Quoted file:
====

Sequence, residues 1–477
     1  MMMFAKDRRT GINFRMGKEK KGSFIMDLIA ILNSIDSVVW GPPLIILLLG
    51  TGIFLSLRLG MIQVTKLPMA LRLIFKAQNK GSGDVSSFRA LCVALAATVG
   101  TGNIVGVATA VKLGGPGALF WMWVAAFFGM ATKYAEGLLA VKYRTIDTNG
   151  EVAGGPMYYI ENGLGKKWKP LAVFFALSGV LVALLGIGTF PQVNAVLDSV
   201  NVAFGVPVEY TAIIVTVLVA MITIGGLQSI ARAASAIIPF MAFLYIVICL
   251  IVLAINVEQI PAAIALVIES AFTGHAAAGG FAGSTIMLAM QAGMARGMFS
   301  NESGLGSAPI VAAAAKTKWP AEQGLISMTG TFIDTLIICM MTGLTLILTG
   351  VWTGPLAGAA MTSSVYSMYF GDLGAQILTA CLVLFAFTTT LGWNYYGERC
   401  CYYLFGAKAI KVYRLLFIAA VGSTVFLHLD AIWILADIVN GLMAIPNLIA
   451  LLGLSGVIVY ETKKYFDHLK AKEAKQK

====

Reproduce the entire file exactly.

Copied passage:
Sequence, residues 1–477
     1  MMMFAKDRRT GINFRMGKEK KGSFIMDLIA ILNSIDSVVW GPPLIILLLG
    51  TGIFLSLRLG MIQVTKLPMA LRLIFKAQNK GSGDVSSFRA LCVALAATVG
   101  TGNIVGVATA VKLGGPGALF WMWVAAFFGM ATKYAEGLLA VKYRTIDTNG
   151  EVAGGPMYYI ENGLGKKWKP LAVFFALSGV LVALLGIGTF PQVNAVLDSV
   201  NVAFGVPVEY TAIIVTVLVA MITIGGLQSI ARAASAIIPF MAFLYIVICL
   251  IVLAINVEQI PAAIALVIES AFTGHAAAGG FAGSTIMLAM QAGMARGMFS
   301  NESGLGSAPI VAAAAKTKWP AEQGLISMTG TFIDTLIICM MTGLTLILTG
   351  VWTGPLAGAA MTSSVYSMYF GDLGAQILTA CLVLFAFTTT LGWNYYGERC
   401  CYYLFGAKAI KVYRLLFIAA VGSTVFLHLD AIWILADIVN GLMAIPNLIA
   451  LLGLSGVIVY ETKKYFDHLK AKEAKQK